Cimarron (1960 film)

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Cimarron
Cimarron1960.jpg
Directed by Anthony Mann
Produced by Edmund Grainger
Written by Arnold Schulman
Starring Glenn Ford
Maria Schell
Anne Baxter
Harry Morgan
Music by Franz Waxman
Cinematography Robert Surtees
Edited by John D. Dunning
Distributed by Metro-Goldwyn-Mayer
Release date(s) February 16, 1961, New York, NY
Running time 147 minutes
Country United States
Language English
Budget $5,421,000[1]
Box office $4,825,000[1]

Cimarron is a 1960 western film based on the Edna Ferber novel Cimarron, featuring Glenn Ford and Maria Schell. It was directed by Anthony Mann, known for his westerns and film noirs.

Ferber's novel was previously adapted in 1931; that version won three Academy Awards.

Cimarron was the first of three epics (the others being El Cid and The Fall of the Roman Empire) Mann directed. Despite high production costs and an experienced cast of western veterans, stage actors, and future stars, the film was released with little fanfare.[citation needed]

Plot[edit]

Sabra Cravat's (Maria Schell) wealthy Kansas City parents try to dissuade her from participating in a land run in the Oklahoma territory with her new husband Yancey (Glenn Ford), but she is adamant. During the journey, Sabra's knowledge of her husband's character deepens, and when he lends one of his covered wagons to Tom (Arthur O'Connell) and Sarah Wyatt (Mercedes McCambridge) and their large, destitute family, she experiences his generosity.

Upon arriving in Oklahoma and meeting many of Yancey's friends, including a lady of the evening named Dixie Lee (Anne Baxter), she discovers that he is something of an adventurer. Sabra has her first disagreement with Yancey, however, when he staunchly defends an American Indian family whose wagon has been overturned by a group of angry men. Even though a Cavalry officer states that Ben and Arita Red Feather have the right to participate in the land run, Sabra, a French American, wonders aloud whether Yancey should have risked injury just to help some Indians.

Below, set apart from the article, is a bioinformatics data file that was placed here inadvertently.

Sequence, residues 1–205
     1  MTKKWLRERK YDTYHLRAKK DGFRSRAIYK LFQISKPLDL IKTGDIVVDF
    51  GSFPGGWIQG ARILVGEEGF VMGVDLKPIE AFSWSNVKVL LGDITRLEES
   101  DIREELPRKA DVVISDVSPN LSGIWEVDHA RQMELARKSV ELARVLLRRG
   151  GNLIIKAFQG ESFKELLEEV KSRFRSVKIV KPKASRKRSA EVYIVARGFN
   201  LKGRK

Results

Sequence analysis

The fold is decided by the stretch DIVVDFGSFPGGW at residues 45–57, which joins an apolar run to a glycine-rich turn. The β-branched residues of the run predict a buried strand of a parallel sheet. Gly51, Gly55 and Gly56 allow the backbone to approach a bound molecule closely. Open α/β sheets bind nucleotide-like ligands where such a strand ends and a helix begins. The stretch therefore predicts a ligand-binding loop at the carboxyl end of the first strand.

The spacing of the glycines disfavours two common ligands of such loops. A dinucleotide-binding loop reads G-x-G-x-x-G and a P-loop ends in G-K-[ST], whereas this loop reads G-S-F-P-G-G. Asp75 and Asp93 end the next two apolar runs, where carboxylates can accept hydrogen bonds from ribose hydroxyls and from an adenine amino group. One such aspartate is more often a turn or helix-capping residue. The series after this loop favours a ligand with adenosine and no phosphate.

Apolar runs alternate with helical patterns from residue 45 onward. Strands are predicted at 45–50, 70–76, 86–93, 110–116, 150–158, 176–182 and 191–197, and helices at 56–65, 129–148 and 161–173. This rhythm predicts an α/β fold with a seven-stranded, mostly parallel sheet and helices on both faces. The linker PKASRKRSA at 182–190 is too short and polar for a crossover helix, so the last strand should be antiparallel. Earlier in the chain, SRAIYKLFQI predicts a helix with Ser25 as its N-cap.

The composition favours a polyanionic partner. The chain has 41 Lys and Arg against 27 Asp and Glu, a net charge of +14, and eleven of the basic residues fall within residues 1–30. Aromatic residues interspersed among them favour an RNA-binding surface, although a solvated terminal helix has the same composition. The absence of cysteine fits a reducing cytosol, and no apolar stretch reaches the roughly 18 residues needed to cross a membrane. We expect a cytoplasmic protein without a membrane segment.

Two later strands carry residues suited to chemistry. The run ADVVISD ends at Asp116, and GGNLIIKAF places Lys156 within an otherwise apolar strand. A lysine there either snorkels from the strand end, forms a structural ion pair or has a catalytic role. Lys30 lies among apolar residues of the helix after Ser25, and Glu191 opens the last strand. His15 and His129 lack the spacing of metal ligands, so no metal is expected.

At high noon on 22 April 1889, thousands of settlers, who hope to claim 160 acres of free land, race wildly on horseback, wagon, bicycle, and stagecoach across the prairie. Tom is pushed off the stagecoach, whereupon a frantic Sarah plants a stake into the arid dirt near the starting line. Sam Pegler (Robert Keith), an idealistic newspaper owner from Osage, is killed during the run, and Ben is lassoed to the ground by a bigoted roughneck named Bob Yountis (Charles McGraw). After Dixie, angry at Yancey for having married another woman, vengefully claims the land that Yancey had wanted, he decides to forget about ranching and take over Sam's newspaper. The printer, Jesse Rickey (Harry Morgan), remains in Osage with the paper, the Oklahoma Wigwam, while Sam's widow Mavis (Aline MacMahon) sadly returns home.

Some time later, Yountis and William Hardy (Russ Tamblyn), a young troublemaker known as the "Cherokee Kid, " terrorize a Jewish peddler named Sol Levy (David Opatoshu). Yancey rescues Sol, but the Kid, whose father had been Yancey's friend, refuses to listen to the older man's advice and rides away with his rowdy companions. One night, Yountis, leading a band of Indian-hating townspeople, lynches Ben and destroys his home. Outraged, Yancey shoots Yountis and then brings Arita and her baby to the Cravat house. When the three arrive home, they discover that Sabra has given birth to a baby boy, whom they named Cimarron.